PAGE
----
Tribble v. Evangelides, 670 F. 3d 753 – Court of Appeals, 7th Circuit 2012 – Google Scholar.
In a case against two Chicago police officers, the Seventh Circuit has held that the defendant failed to make a proper disclosure of the opinions of an expert witness.
The case was a false arrest case. The charges were dismissed by the Circuit Court of Cook County. The defendants sought to call an Assistant State’s Attorney as an expert witness. The court found that the witness did offer expert testimony and that the plaintiff was prejudiced by the testimony.
The court explained:
“Rule 26(a)(1) requires, among other things, the disclosure of the names and addresses of fact witnesses. Rule 26(a)(2) requires that expert witnesses be disclosed. That duty to disclose a witness as an expert is not excused when a witness who will testify as a fact witness and as an expert witness is disclosed as a fact witness. Musser, 356 F.3d at 757. This is a strict but well-founded requirement: “Knowing the identity of the opponent’s expert witnesses allows a party to properly prepare for trial.” Id. Without proper disclosures, a party may miss its opportunity 760*760 to disqualify the expert, retain rebuttal experts, or hold depositions for an expert not required to provide a report. Id. at 758. Because of these and other ways a party may be prejudiced by an improperly disclosed expert, the sanction is severe. Under Rule 37(c)(1) “exclusion of non-disclosed evidence is automatic and mandatory… unless non-disclosure was justified or harmless.” Musser, 356 F.3d at 758.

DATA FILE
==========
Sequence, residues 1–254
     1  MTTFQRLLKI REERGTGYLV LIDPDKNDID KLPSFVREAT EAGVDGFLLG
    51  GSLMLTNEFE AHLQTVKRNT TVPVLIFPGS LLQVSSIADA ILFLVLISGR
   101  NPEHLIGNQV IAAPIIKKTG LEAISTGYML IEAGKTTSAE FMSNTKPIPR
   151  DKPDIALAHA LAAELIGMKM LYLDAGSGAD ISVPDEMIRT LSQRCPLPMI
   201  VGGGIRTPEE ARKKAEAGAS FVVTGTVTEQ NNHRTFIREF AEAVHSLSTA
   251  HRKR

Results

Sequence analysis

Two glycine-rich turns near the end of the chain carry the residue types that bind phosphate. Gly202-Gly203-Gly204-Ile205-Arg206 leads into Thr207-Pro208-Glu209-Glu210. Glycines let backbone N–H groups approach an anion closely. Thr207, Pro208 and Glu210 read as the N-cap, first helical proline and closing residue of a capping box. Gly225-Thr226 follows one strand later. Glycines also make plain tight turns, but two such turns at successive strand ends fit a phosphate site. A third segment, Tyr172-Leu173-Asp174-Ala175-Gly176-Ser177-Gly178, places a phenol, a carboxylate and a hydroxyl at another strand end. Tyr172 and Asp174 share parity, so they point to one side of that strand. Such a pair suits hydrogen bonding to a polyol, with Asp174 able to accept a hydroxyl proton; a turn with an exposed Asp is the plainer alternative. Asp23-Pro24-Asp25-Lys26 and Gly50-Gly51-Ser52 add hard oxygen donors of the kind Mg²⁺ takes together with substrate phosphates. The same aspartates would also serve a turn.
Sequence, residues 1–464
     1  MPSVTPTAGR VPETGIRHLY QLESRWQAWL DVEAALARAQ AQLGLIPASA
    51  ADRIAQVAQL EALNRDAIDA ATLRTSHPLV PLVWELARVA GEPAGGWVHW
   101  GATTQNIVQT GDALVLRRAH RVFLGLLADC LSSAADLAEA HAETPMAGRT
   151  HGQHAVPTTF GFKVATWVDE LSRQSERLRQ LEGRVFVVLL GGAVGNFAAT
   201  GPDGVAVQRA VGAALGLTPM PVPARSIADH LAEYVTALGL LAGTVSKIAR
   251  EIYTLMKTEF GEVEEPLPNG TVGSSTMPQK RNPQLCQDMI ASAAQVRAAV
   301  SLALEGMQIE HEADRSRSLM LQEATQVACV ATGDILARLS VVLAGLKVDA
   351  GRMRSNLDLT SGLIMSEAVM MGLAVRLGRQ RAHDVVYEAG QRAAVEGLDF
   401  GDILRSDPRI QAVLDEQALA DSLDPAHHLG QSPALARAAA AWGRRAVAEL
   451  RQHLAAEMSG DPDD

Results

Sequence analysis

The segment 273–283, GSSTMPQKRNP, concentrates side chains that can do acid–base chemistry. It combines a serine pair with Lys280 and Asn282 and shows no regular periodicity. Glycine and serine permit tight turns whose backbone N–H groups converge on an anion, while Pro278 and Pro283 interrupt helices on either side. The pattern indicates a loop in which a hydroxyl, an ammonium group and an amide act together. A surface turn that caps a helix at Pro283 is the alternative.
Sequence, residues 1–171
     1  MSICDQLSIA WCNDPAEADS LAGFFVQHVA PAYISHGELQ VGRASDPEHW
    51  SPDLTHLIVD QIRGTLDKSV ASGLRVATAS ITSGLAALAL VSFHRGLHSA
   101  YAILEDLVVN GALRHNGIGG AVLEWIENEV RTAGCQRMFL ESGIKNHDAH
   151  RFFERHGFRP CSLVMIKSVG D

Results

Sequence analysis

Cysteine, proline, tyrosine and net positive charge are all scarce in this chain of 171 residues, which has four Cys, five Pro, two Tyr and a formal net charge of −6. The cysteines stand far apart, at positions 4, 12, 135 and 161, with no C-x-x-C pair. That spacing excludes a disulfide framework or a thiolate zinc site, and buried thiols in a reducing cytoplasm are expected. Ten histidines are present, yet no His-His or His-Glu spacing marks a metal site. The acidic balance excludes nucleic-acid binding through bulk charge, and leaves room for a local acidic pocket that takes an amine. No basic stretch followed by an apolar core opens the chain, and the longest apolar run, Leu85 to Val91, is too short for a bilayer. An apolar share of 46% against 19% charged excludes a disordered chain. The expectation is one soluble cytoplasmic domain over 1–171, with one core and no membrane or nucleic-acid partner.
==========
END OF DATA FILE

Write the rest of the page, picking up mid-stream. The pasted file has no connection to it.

In this case, non-disclosure was neither justified nor harmless. Well before trial defendants announced that they wanted to have an ASA (or the law student who acted as one) testify about the significance of a no probable cause finding at Branch 50. But, crucially, the district court specifically ruled that it would not allow such testimony—it would not allow testimony that charges like Tribble’s are traditionally thrown out. Disagreement with that ruling or a belief that such testimony would be lay and not expert opinion (or no opinion at all) is not justification; at best, it’s just a misunderstanding of law. Musser, 356 F.3d at 757.
And non-disclosure was not harmless.”
The court explained that the testimony was prejudicial because the plaintiff was deprived of the opportunity to get testimony from a rebuttal expert.
Comment: the expert disclosure rules require that the lawyer exercise a great deal of judgment. He has to think about what testimony is needed and, critically, what “fact” witnesses are really giving expert testimony.
Edward X. Clinton, Jr.